It is the South Korea-U.S. combined landing exercise conducted during the Foal Eagle exercise following the Key Resolve. The Foal Eagle is carried out in late March in the Pohang, North Gyeongsang Province area, involving the full landing forces of both the South Korean and the U.S. militaries, including some 10,000 marines of the two allies and the MV-22 Osprey, a tilt-rotor, vertical take-off and landing aircraft. The drill is conducted under a scenario, in which the South Korean and the U.S. marines land on the east and south coast areas of the Korean Peninsula to cut off the axis south of the Pyongyang-Wonsan line as part of a counterattack operation in the event of the North`s full-fledged invasion of the South. In addition, the North is wary of a mock operational drill by a task force within the Eighth U.S. Army for removing the North Korean nuclear weapons. In the drill, the team practices taking control over nuclear facilities across the North, including the Yongbyon nuclear facilities and uranium enrichment facilities, and secure nuclear materials.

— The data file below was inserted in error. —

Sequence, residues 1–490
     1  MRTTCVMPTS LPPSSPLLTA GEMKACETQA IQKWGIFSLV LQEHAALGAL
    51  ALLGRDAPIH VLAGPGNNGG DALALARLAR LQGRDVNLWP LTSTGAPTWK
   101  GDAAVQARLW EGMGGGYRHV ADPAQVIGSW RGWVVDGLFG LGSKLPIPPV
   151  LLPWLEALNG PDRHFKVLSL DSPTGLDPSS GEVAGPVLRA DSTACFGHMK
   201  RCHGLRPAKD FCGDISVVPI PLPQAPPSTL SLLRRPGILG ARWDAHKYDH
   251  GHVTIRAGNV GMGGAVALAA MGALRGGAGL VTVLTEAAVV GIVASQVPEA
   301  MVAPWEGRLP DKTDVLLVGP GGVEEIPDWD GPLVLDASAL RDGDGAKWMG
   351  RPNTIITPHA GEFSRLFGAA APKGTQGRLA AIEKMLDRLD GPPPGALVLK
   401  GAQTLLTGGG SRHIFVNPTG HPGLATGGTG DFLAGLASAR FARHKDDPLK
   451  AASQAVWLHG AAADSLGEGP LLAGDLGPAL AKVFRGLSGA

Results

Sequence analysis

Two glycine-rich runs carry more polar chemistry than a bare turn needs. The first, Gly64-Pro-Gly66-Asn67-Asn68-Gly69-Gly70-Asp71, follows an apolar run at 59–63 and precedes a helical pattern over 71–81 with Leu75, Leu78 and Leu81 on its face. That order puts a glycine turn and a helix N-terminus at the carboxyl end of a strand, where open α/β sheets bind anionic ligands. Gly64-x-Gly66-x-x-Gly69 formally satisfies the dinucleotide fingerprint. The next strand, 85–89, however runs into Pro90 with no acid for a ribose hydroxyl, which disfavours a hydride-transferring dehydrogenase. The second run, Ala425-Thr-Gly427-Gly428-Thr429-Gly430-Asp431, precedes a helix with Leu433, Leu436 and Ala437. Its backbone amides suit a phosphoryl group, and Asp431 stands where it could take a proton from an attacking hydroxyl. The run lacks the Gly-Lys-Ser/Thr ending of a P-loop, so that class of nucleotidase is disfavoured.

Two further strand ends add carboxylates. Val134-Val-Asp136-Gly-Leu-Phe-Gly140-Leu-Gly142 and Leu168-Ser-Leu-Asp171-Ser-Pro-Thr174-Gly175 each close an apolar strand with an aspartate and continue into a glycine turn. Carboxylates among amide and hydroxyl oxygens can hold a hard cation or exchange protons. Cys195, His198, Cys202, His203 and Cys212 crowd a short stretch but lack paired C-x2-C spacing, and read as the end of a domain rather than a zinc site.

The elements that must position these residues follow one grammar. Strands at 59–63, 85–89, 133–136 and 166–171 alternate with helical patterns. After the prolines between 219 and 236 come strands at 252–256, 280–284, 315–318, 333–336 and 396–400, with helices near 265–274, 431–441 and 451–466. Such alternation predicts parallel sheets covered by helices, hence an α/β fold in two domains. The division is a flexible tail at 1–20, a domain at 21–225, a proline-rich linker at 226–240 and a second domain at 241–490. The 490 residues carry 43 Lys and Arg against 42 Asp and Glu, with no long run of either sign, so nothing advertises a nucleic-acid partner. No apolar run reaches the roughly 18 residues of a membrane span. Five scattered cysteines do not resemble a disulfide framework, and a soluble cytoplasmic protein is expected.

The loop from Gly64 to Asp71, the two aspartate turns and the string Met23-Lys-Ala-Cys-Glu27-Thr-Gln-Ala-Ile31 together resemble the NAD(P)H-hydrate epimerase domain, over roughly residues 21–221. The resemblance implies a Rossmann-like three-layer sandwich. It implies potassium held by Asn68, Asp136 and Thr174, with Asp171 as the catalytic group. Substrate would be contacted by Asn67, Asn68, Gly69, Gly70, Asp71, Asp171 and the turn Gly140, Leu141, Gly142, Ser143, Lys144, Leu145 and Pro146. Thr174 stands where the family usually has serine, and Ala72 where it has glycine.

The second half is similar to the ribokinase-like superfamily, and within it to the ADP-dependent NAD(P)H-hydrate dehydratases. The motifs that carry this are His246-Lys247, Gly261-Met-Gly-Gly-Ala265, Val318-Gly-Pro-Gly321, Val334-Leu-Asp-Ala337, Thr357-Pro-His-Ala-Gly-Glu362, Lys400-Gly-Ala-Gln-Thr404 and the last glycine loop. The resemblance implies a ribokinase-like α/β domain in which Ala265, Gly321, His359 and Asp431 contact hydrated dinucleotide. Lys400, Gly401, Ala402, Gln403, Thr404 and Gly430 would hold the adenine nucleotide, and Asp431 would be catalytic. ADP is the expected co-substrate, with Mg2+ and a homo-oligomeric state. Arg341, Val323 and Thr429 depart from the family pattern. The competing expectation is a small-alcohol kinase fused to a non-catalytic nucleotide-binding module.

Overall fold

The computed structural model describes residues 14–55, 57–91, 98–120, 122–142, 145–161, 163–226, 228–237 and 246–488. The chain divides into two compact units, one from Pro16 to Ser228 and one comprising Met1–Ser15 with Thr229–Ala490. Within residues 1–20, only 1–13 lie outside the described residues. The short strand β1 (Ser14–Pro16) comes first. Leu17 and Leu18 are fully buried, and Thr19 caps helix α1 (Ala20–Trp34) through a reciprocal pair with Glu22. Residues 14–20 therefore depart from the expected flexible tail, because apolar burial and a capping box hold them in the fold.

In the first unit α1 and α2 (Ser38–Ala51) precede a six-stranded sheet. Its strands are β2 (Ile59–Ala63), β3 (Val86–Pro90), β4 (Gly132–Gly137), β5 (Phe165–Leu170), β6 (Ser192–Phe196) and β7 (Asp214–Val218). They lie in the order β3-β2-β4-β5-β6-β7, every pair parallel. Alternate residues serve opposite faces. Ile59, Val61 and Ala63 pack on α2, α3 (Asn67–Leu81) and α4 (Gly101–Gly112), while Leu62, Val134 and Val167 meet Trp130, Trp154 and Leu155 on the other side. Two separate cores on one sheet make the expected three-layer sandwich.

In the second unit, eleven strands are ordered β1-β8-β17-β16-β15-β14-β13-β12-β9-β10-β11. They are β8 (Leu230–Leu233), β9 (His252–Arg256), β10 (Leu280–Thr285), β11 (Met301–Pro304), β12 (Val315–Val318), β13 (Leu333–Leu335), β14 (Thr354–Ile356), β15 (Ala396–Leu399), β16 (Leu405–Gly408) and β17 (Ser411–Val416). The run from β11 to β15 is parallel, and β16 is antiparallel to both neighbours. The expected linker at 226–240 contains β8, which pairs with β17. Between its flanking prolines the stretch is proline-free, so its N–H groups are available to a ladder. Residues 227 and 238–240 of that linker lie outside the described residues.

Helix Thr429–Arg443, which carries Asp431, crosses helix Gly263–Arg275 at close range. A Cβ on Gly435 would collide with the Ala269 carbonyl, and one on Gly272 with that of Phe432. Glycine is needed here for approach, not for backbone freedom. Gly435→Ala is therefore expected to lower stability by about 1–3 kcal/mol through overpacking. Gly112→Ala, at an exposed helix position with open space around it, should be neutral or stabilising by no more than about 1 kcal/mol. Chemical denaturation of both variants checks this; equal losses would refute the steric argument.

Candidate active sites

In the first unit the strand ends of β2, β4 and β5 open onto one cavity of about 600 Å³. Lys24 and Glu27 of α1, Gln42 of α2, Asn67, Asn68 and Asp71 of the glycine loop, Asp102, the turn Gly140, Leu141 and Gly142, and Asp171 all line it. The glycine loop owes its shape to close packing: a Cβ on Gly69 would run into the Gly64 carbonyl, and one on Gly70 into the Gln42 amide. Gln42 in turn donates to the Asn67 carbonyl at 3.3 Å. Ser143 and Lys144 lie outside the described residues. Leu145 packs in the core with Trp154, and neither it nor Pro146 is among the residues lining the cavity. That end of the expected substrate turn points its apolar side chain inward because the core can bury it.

Q: What is the economic value of the U.S. troops participating in the Key Resolve exercise?

The U.S. forces participating in the exercise is worth more than 30 trillion won (28.2 billion U.S. dollars), compared with South Korea`s 2014 defense budget of about 35.7 trillion won (33.6 billion dollars). North Korea is sticking to nuclear weapons development, as it believe that its conventional forces are no match for the U.S. forces. A South Korean military official said, "North Korea`s nuclear development is a means not only to maintain the system but also to recover its military inferiority to the U.S. forces in the event of a war.